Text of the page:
0.89—1.06
0.55
Fixed
13.09
0.67
0%
0.08
0.93
0.26
0.80
 
European
10
0.94
0.85—1.04
0.21
Fixed
5.05
0.83
0%
       
 
Asian
7
1.17
0.94—1.47
0.16
Fixed
4.94
0.55
0%
       
CT vs. CC + TT
Overall
17
0.99
0.92—1.06
0.75
Fixed
19.85
0.23
19%
0.41
0.68
0.73
0.48
 
European
10
1.01
0.91—1.13
0.82
Random
15.43
0.08
42%
       
 
Asian
7
0.96
0.81—1.14
0.64
Fixed
4.29
0.64
0%
       
TT vs. CC + CT
Overall
17
1.01
0.92—1.12
0.79
Random
23.83
0.09
33%
−0.25
0.81
−1.15
0.27
 
European
10
1.02
0.90—1.17
0.74
Random
20.33
0.02
56%
       
 
Asian
7
0.95
0.80—1.13
0.57
Fixed
2.35
0.88
0%
       
There was no significant association between the ERα PvuII polymorphism and susceptibility to OA in all populations (C vs. T, OR = 0.98, 95% CI = 0.93–1.03, P = 0.37; CC vs. TT + CT, OR = 0.97, 95% CI = 0.89–1.06, P = 0.55; CT vs. CC + TT, OR = 0.99, 95% CI = 0.92–1.06, P = 0.75; TT vs. CC + CT, OR = 1.01, 95% CI = 0.92–1.12, P = 0.79). In the subgroup analysis based on ethnicity, no significant association was found for the ERα PvuII polymorphism in either European or Asian populations (Figure  3).

Sensitivity analysis and publication bias

As shown in Table  4, heterogeneity was observed among studies in all populations and also in subgroup analyses. To explore the sources of heterogeneity across studies we performed a sensitivity analysis, which revealed that none of the studies significantly affected the pooled ORs and CIs. Sequential removal of each study had little effect on the pooled ORs.
The funnel plot revealed no obvious publication bias (Figure  4), and this was confirmed by Begg’s test and Egger’s test.

Discussion

Although the pathogenesis of OA is considered to be the result of many factors, genetics are thought to be one of the most important determinants [ 42]. Despite the fact that ERα is one of the most studied genes in OA [ 43], to the best of our knowledge this is the first meta-analysis of the relationship between ERα polymorphisms XbaI and PvuII and OA risk.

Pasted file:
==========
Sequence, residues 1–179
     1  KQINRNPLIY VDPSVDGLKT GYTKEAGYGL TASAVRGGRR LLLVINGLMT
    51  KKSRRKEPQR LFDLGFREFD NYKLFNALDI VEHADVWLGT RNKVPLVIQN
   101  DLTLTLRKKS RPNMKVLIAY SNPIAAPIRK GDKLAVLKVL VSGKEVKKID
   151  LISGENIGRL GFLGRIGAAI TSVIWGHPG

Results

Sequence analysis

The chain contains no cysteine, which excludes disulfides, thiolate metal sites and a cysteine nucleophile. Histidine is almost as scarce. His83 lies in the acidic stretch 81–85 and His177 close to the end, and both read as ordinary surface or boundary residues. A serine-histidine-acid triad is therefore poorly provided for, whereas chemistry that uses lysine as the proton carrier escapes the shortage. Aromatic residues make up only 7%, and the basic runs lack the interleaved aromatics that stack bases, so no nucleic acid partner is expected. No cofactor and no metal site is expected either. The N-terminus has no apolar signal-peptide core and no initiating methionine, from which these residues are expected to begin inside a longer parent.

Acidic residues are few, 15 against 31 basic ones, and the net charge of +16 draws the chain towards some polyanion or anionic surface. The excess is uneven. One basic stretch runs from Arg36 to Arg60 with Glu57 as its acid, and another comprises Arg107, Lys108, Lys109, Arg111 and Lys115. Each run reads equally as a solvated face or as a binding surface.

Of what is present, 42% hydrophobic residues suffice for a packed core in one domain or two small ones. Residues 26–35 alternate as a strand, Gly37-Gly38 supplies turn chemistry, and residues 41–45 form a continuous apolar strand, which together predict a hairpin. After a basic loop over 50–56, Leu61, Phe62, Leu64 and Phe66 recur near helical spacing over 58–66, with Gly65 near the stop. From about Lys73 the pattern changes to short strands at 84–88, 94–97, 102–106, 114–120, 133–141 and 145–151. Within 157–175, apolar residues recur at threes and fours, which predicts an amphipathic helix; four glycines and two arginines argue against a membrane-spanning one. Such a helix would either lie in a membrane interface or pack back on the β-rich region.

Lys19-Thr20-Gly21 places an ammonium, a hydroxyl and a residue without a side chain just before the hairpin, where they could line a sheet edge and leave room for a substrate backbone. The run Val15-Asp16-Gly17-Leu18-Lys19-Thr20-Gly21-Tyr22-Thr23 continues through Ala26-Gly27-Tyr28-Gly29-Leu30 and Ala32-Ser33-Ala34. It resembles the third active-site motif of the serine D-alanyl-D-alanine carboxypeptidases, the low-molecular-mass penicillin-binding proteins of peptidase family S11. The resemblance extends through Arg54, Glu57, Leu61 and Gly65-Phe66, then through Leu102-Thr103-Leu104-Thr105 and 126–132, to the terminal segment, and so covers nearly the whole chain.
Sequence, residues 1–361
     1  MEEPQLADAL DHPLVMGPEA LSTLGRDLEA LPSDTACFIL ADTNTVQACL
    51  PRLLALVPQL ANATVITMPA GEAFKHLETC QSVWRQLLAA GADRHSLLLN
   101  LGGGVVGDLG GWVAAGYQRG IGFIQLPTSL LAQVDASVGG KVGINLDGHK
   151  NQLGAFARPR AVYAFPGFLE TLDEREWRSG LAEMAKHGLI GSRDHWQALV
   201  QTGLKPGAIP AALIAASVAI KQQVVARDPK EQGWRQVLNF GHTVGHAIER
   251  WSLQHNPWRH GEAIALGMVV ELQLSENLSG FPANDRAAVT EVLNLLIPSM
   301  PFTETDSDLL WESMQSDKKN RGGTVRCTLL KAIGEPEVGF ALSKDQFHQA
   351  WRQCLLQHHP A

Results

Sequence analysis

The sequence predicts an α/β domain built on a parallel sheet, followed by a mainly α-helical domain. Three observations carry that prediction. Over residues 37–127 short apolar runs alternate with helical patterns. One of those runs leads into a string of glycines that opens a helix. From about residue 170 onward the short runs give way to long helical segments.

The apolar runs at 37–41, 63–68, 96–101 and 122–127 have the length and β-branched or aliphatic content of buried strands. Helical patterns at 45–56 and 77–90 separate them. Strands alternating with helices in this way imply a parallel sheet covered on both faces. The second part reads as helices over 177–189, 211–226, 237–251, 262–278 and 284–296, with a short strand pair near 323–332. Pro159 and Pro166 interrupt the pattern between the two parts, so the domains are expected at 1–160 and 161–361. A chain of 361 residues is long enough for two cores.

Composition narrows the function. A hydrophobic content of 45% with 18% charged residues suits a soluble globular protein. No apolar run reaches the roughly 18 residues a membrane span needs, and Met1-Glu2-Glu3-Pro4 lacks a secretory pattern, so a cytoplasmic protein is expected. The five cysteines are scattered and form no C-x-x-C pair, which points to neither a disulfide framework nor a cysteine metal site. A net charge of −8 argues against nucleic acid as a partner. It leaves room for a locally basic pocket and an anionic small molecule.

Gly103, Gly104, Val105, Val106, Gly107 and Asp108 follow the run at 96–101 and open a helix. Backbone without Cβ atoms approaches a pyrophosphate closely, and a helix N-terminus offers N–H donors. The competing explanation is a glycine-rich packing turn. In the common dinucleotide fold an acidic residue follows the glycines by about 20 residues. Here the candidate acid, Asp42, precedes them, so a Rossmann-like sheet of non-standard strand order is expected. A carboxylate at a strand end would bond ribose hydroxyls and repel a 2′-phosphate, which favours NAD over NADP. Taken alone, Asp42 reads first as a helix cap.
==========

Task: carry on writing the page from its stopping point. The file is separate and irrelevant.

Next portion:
Our meta-analysis included 11 published studies (with 17 comparisons) of 16,159 participants (5,325 OA patients and 10,834 controls). Ten studies with a total of 8,502 participants evaluated the association between the ERα XbaI polymorphism and OA susceptibility, and our meta-analysis suggested that it was significantly associated with OA in European but not Asian populations. The pooled OR for homozygote AA carriers showed that they were associated with a 17% increased risk for OA compared with AG and GG carriers, and that European AG carriers had a decreased OA risk. The heterogeneity of genetic effects between European and Asian populations suggests the existence of gene–environment or gene–gene interactions. No heterogeneity was detected in European populations with respect to the ERα XbaI polymorphism and OA, suggesting that the genetic effect of this polymorphism is stronger in European than Asian populations.
Seventeen studies with a total of 16,159 participants evaluated the association between the ERα PvuII polymorphism and OA susceptibility. Our meta-analysis suggested that there was no association between the polymorphism and susceptibility to OA in any population. The same result was obtained for the subgroup analysis based on ethnicity.